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LOOKING FOR COORDINATORS FOR THIS GROUP to hold meetings and progress the conversation. Contact (terra) or mike ippolito or anyone from the SPP group where this discussion started, to get the background.

This working group is to discuss what we, as a community, think is or should be considered "Common Property", property of "the citizens"

Here's a summary of PermaCulture's work on The Commons:

"The commons is a general term for shared resources in which each stakeholder has an equal interest. Studies on the commons include the information commons with issues about public knowledge, the public domain, open science, and the free exchange of ideas — all issues at the core of a direct democracy.

Common-pool resources (CPRs) are natural or human-made resources where one person’s use subtracts from another’s use and where it is often necessary, but difficult and costly, to exclude other users outside the group from using the resource..

The majority of the CPR research to date has been in the areas of fisheries, forests, grazing systems, wildlife, water resources, irrigation systems, agriculture, land tenure and use, social organization, theory (social dilemmas, game theory, experimental economics, etc.), and global commons (climate change, air pollution, transboundary disputes, etc.), but CPR’s can also include the broadcast spectrum."

They reference:

And then Elinor Ostrom's book,[Governing the commons: the evolution of institutions for collective action]

Here's the summary posted on the Permaculture site:

The governance of natural resources used by many individuals in common is an issue of increasing concern to policy analysts. Both state control and privatization of resources have been advocated, but neither the state nor the market have been uniformly successful in solving common pool resource problems.

After critiquing the foundations of policy analysis as applied to natural resources, Elinor Ostrom here provides a unique body of empirical data to explore conditions under which common pool resource problems have been satisfactorily or unsatisfactorily solved. Dr. Ostrom first describes three models most frequently used as the foundation for recommending state or market solutions.

She then outlines theoretical and empirical alternatives to these models in order to illustrate the diversity of possible solutions. In the following chapters she uses institutional analysis to examine different ways–both successful and unsuccessful–of governing the commons. In contrast to the proposition of the tragedy of the commons argument, common pool problems sometimes are solved by voluntary organizations rather than by a coercive state. Among the cases considered are communal tenure in meadows and forests, irrigation communities and other water rights, and fisheries.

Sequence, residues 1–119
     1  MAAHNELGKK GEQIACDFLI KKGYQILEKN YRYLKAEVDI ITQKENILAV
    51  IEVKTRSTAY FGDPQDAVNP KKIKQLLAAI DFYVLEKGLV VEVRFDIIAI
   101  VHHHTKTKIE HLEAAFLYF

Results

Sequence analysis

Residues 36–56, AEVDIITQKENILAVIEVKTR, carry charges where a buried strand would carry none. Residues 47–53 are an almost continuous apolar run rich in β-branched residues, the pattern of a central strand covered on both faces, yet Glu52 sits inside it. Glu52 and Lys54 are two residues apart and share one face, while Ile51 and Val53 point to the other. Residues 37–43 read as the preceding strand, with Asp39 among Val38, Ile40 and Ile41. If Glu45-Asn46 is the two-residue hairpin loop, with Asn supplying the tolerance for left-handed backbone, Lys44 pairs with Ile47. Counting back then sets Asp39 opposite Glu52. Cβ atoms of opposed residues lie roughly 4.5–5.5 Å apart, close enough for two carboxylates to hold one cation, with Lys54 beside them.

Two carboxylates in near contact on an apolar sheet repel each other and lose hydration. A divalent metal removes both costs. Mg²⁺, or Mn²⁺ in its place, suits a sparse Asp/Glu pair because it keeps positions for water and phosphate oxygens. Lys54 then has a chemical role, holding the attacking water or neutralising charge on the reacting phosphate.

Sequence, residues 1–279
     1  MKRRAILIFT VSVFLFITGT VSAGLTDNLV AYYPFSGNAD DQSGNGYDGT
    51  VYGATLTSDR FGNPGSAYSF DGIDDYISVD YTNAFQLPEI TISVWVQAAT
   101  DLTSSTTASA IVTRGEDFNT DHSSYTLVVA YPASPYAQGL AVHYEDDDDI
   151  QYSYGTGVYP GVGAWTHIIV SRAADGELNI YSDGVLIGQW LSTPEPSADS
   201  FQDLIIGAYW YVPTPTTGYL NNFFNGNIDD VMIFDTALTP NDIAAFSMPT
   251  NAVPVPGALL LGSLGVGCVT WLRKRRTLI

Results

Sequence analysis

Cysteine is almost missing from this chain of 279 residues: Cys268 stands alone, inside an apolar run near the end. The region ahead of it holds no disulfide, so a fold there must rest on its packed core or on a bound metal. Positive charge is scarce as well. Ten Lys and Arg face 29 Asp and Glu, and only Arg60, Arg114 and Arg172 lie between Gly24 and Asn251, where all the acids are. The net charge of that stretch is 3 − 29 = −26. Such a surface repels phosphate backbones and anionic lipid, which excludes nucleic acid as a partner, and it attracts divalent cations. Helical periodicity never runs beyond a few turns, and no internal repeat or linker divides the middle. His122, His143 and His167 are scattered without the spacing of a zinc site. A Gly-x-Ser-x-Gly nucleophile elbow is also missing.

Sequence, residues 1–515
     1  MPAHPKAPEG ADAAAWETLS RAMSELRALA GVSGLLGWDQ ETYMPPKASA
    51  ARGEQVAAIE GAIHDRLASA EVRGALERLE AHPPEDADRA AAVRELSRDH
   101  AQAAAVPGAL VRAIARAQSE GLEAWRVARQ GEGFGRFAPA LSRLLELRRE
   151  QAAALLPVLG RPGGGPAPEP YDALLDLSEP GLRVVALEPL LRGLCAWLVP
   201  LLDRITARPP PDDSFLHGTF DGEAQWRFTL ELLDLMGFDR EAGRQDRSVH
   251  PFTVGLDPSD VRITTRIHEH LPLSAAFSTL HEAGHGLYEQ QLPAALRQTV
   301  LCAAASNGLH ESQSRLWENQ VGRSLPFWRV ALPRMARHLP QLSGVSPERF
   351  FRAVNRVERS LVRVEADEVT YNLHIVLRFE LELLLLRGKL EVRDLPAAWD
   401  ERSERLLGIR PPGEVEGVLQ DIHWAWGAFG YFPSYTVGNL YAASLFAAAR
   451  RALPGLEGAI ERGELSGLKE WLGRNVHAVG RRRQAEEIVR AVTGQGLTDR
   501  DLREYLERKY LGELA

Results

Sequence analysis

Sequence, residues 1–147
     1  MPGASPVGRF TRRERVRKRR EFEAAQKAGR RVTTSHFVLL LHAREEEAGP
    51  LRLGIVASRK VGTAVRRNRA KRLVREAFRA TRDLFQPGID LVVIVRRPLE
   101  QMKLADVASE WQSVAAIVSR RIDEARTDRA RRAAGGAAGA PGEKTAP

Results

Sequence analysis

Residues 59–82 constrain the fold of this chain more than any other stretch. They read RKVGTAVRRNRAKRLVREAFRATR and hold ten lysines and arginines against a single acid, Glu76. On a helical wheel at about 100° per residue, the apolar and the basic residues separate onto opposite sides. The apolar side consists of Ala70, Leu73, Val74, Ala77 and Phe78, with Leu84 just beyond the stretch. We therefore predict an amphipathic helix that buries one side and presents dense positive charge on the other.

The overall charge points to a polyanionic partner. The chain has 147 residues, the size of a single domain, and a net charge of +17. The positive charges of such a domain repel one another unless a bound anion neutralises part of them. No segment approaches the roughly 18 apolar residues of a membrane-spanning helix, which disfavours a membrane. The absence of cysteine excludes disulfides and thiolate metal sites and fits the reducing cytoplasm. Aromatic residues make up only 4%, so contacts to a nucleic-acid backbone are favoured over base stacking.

[And Wikipedia's entry]

Traditionally focused on the environment, the definition has grown to include many things, has yet to be worked by Occupy Boston. Here are some ideas, please add to the list as you/we think of ideas:

- water
- air
- history
- historic neighborhood character
- radio waves
- internet access
- playground space
- school capacity

The overall intent of this group, when it was started was to think about how to define both the concept of Commons, as well as the individual items. For example, is "all internet access" considered common? Only "basic internet access"?

A nice article about "Reclaiming the Commons": . This article goes into the vast array of things that can be considered "public property", and the reasons why the term "commons" is so foreign to us. We're so conditioned to think in terms of people extracting value from our communities, that we're not used to thinking about why this might be wrong.

Writings from SPP group [(source)]






What we all own together, whose scarce contents have been exploited by the 1% (indeed, almost by definition: one of the easiest ways to become rich has always been to latch onto a commons and exploit it as hard as you can). This framework tackles problems facing the whole country and the whole world while being rooted in ideas most people will understand and approve of.

Commons goods and knowledge: owned by everyone, present and future, but finite and subject to depletion. Our legal system currently (as you on the subject of nature having rights or not) fails to account for commons. In a system that does account for commons, they are rivalrous but non-excludable: once you've charged someone to enter the park gate, you can't stop them from doing mostly what they please within. Ex: forests, waterways, mines, oil wells, pollution capacities of nature, municipalities (land-value property tax is commons rent on a municipality), and also various metaphorical "places" such as stock exchanges. Some commons are everyday things we all use: public schools, universities, and transportation systems we all rely on.

Every tool created by the human race, as a function of the greater interconnection of the observable Universe, should be considered common property. Education and information should be free, as well as the proper needs of life which are food, water, shelter, and health care. Transportation should be free, and should be considered a subject of information, because humans are social and intellectual beings operating by their complex chemical framework. The human race has the technological capacity to build such a community, but only if they are willing to become a non-warring species. --OneKarma 04:40, 18 November 2011 (EST)

Other Resources


[[**505245_162-57470943/texas-** judge-rules-atmosphere-air-is-**public-trust/ Texas Judge Rules in favor of air as being part of The Commons]]